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Applied Numerical Analysis book question

  1. Jan 20, 2018 #1
    So in my future numerical analysis class the recommended book i liked the most was Numerical mathematics by Quarteroni :

    https://books.google.pt/books/about...p_read_button&redir_esc=y#v=onepage&q&f=false

    Since i like this branch of mathematics i tried to go to a library and read it and although i liked it i found it a bit hard to read maybe because of it's formalism or my lack of knowledge that i should have to read it.
    Is this one of those cases were you should read a book to prepare yourself for a harder one or should i focus on something else first ?

    Thanks in advance
     
  2. jcsd
  3. Jan 20, 2018 #2

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    If you find that book too hard, why do you say that you liked it the most? Many reviewers on Amazon seem to agree with your comment that it is hard to understand. There is something to be said for a book that you can understand. What are the other recommended books? If one of them is easier to understand, I suggest that you look at it.
     
  4. Jan 20, 2018 #3
    I liked it the most because it's not a recipe book or matlab centered (although is has some code examples) like the other's that are recommended. It seems to be more focused in the mathematics rather than a computer language or software implementation (although it has some examples).

    To answer your question the other recommended books are:

    Numerical methods using matlab by Mathews.
    Applied numerical methods using matlab by Fausset.

    Thanks for your reply.
     
  5. Jan 20, 2018 #4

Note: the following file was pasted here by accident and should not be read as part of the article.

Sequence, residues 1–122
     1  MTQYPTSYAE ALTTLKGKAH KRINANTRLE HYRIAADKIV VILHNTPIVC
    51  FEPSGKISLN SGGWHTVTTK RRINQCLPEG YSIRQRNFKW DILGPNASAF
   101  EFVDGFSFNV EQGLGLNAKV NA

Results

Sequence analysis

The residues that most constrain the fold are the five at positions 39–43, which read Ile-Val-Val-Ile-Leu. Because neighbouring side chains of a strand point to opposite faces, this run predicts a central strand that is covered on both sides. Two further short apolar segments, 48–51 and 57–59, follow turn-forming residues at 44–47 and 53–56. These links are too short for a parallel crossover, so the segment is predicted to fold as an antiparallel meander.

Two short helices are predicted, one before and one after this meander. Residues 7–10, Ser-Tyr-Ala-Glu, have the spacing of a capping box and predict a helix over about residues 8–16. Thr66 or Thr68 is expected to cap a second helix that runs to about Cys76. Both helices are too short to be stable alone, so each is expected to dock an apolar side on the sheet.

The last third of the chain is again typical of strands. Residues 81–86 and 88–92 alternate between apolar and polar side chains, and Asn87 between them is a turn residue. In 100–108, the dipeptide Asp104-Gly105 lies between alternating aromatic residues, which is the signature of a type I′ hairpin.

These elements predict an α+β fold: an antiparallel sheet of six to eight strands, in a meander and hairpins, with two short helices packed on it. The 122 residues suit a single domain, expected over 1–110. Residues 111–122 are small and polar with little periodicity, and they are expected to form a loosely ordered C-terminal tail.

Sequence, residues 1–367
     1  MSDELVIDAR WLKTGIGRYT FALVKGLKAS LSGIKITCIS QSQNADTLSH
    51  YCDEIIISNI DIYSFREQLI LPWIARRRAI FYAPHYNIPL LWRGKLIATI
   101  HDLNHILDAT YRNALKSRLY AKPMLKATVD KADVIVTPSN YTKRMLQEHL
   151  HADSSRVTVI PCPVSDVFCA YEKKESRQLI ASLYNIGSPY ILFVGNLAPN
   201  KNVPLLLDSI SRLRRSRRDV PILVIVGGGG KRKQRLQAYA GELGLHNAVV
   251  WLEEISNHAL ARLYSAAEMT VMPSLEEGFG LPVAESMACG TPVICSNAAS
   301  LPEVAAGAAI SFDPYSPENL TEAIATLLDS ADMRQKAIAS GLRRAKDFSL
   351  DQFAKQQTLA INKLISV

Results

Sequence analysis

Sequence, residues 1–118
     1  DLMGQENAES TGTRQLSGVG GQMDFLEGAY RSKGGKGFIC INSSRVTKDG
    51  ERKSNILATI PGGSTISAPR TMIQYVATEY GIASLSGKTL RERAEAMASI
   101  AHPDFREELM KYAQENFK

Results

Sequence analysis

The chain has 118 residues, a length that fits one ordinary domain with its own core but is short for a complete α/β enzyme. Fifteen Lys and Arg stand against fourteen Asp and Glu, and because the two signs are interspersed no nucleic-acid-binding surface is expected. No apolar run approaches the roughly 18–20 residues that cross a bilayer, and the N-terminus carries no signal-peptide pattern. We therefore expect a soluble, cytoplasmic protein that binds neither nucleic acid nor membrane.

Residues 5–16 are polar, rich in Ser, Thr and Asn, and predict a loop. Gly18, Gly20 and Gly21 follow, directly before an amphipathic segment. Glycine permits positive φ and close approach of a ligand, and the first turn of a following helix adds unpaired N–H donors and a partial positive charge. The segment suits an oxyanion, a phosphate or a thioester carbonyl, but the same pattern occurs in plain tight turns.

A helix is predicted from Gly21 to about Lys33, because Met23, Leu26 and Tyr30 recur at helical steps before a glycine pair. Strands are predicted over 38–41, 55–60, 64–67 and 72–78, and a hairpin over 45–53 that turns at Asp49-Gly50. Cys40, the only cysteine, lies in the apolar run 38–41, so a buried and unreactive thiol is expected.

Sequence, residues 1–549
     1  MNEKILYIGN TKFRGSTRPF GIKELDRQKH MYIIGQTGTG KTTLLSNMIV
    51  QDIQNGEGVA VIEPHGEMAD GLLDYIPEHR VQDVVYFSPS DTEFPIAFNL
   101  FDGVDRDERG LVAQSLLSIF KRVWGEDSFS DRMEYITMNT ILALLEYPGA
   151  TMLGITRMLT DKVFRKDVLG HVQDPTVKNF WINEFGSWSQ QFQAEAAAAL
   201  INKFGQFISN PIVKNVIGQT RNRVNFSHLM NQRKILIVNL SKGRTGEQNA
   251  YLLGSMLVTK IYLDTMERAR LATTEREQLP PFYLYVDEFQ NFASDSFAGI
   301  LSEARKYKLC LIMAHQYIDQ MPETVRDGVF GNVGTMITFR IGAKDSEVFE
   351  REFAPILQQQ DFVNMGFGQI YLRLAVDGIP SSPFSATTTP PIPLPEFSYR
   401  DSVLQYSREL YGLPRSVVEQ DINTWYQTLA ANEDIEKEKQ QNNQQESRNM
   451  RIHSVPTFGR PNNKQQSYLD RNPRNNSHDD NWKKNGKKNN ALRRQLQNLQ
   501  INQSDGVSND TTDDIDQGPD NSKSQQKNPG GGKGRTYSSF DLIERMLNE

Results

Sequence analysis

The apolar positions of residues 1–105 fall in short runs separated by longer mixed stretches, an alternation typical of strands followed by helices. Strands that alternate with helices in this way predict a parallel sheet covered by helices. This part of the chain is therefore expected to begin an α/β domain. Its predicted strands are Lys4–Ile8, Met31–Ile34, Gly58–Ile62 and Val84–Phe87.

6. Jan 24, 2018 #5
    In my university, we study 2 courses about Computational Physics (or Numerical Analysis in Mathematics Faculty), CP1 and CP2, and we use MATLAB.
    I don't know what your major in university is, Mathematics of Physics, but if your major is Physics, see below :-p

    CP1 we study about Number, Errors, Solving linear eq/system of eqs, Interpolation, Numerical Integration and Numerical Differentiation. We are recommended to use 3 books: A First Course in Computational Physics (Paul DeVries), Computational Physics (Páez, Landau <-- Not Landau we all know :biggrin:) and Numerical Analysis Using Spreadsheet (Karris). For me, I don't recommend you with the first one - Paul DeVries - because it's quite hard and it uses Fortran.

    CP2 we study about Monte Carlo method, Molecular Dynamics, Partial Differential Eqs and Fourier Transformation. We are recommended to use: PDE (Farlow), PDE:An Introduction (W. Strauss) for PDE part. For MC, MD and Fourier Transformation, we just study in the class.

    Last words, you can read whatever you want, but
    1st, follow the lecturer's recommend
    2nd, focus much on algorithm, less on coding

    Good luck :wink:
     
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